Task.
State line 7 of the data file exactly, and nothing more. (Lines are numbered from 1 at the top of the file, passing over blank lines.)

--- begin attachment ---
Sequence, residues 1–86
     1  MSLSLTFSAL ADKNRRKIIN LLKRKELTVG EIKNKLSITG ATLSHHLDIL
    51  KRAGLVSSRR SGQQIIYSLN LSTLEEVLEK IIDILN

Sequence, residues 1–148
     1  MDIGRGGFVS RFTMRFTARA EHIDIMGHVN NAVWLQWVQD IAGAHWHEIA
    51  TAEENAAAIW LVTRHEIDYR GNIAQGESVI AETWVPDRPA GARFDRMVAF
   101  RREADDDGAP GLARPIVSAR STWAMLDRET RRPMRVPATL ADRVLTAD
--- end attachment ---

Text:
   101  RREADDDGAP GLARPIVSAR STWAMLDRET RRPMRVPATL ADRVLTAD